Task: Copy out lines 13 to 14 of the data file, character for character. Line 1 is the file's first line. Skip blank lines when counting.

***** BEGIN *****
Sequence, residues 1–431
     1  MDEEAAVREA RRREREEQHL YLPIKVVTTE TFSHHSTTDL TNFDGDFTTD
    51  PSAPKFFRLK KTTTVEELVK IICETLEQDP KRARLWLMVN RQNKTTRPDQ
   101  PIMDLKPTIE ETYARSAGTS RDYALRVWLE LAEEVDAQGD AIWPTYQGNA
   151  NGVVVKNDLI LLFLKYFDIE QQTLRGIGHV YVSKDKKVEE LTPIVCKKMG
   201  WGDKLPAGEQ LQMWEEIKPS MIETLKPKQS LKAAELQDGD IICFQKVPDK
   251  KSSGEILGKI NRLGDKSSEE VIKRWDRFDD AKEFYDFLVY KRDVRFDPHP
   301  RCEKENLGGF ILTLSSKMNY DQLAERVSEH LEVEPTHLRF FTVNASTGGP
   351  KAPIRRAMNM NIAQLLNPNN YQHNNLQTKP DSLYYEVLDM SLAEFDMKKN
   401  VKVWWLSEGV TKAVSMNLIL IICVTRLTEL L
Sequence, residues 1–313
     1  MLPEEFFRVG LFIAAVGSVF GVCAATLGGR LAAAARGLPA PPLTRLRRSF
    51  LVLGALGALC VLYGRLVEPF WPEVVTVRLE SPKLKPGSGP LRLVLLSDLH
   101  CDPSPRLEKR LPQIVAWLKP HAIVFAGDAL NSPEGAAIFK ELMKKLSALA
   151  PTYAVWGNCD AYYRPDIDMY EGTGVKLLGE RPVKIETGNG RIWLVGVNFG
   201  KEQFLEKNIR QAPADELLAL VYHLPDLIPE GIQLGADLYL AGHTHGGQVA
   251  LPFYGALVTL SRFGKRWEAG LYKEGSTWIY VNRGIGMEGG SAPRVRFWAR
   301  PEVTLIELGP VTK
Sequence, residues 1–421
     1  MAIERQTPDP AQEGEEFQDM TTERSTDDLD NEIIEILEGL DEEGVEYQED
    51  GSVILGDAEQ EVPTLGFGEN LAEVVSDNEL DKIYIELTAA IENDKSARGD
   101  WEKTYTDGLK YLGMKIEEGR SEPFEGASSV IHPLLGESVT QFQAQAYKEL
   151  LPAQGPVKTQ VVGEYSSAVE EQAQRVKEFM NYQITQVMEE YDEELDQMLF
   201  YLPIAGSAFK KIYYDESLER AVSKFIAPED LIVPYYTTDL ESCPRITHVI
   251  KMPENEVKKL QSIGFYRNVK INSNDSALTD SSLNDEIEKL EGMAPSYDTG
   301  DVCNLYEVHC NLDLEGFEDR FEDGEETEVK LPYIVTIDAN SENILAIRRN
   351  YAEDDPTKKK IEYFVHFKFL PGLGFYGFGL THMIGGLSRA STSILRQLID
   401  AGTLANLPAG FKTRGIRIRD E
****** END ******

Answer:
    51  LVLGALGALC VLYGRLVEPF WPEVVTVRLE SPKLKPGSGP LRLVLLSDLH
   101  CDPSPRLEKR LPQIVAWLKP HAIVFAGDAL NSPEGAAIFK ELMKKLSALA